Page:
Forgetting where you put the car keys. Struggling to recall the name of someone you just met. These so-called “senior moments” can happen at any age, and while slip-ups aren’t necessarily cause for concern, they can get you thinking about ways to prevent cognitive decline as you age.
There are many ways to keep your memory and focus sharp, and it’s never too early to start flexing your brain and using that old noggin in new ways. Just like any other muscle, the brain strengthens with practice, and atrophies without use. Doing crossword puzzles and playing Sudoku can help, but that’s just a start!
Here are a few tips for maintaining mental agility and preventing Alzheimer’s and Dementia. Some of them sound like a ton of fun!
Learn something new: Research shows that those who learn throughout their lives are less likely to develop Alzheimer’s and Dementia. And as we age, learning new tasks that push the brain out of its comfort zone is increasingly important.
So maybe you’ve always wanted to learn Spanish or Russian. Or taking up tennis, learning to play the guitar or starting dancing appeals to you. What you learn is less important than how processing new information stretches your brain. And if you’ve always been reading and pushing your brain, don’t stop — just keep in mind it’s exploring new mental terrain that makes a difference.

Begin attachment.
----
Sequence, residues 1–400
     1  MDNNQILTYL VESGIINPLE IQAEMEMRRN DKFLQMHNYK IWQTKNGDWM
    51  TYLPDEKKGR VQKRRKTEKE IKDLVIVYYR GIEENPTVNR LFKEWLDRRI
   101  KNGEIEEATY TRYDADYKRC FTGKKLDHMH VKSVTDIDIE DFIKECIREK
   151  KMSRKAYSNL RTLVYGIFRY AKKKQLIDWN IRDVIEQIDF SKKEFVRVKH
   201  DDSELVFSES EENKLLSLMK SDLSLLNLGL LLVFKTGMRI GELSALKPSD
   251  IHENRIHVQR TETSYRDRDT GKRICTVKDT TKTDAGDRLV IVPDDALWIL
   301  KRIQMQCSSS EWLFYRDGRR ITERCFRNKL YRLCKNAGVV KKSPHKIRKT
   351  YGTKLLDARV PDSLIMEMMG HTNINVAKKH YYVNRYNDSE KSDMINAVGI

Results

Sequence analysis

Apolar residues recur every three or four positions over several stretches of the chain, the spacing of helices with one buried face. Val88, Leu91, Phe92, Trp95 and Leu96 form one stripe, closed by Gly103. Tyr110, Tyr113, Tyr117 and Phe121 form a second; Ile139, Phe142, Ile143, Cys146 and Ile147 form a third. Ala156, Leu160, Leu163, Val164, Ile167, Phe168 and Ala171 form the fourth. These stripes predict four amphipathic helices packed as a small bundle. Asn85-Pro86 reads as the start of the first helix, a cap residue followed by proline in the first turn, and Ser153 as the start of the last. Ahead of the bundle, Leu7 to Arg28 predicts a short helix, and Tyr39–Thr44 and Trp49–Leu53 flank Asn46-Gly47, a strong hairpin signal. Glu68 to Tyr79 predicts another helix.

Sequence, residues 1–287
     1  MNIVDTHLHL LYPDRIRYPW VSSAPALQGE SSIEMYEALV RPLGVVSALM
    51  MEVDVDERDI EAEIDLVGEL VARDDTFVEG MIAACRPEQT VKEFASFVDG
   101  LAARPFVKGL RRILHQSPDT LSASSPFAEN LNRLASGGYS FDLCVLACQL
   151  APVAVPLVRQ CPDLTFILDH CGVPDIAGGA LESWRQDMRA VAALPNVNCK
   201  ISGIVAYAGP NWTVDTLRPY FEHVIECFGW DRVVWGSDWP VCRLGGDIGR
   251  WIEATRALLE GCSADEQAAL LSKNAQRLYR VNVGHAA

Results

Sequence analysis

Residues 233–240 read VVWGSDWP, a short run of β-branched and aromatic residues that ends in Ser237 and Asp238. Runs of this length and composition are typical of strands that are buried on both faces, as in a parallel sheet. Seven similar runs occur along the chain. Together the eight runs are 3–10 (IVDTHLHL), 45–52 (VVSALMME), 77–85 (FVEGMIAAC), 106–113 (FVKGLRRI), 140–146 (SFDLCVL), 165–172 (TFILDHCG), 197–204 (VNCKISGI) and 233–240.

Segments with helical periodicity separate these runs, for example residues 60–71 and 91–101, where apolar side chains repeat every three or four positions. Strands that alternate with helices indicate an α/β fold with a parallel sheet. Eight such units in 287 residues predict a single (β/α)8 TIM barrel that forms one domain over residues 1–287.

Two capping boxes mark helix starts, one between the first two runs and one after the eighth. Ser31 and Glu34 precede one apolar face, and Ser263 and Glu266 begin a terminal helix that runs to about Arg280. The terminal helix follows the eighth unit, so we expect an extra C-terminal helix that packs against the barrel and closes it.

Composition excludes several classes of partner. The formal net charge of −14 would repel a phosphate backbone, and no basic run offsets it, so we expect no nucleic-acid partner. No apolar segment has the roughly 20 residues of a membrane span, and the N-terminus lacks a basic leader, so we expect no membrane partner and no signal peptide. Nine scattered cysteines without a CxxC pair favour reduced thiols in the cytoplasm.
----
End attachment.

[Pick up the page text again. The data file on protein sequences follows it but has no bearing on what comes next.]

Say involved. Maintaining strong social connections can reduce the risk of cognitive decline as we age, according to the Alzheimer’s Association. If you work or live with someone, socializing is easy. If not, seeing friends and extended family often, staying involved in local community organization or volunteering for a cause can help. Anything to avoid social stagnancy makes a difference!
Get moving: We know that the mind and body are intertwined, and balancing physical and mental exercise is key keeping the brain sharp. Even brisk walking just three times a day can make a huge difference. Setting workout goals can also help you stay focused and active, whether that means training for a race or keeping ongoing appointments with a workout buddy at the gym.
Test your recall. Older adults may find forgetfulness embarrassing and frustrating. While brain functioning does change over time, memory loss and aging doesn’t have to be a self-fulfilling prophecy. One study found that even simple tasks like memorizing lists, looking for patterns in strings of numbers or letters and visual concentration had a positive influence on memory for years down the line. Keeping shopping lists or reminders around the house are simple, practical ways to stave off forgetfulness. Want to get started? Test your word recall, face recognition and reaction time here.
Finally, a healthy diet can also decrease the risk of cognitive decline. So why not get cooking — or moving, learning and socializing — today?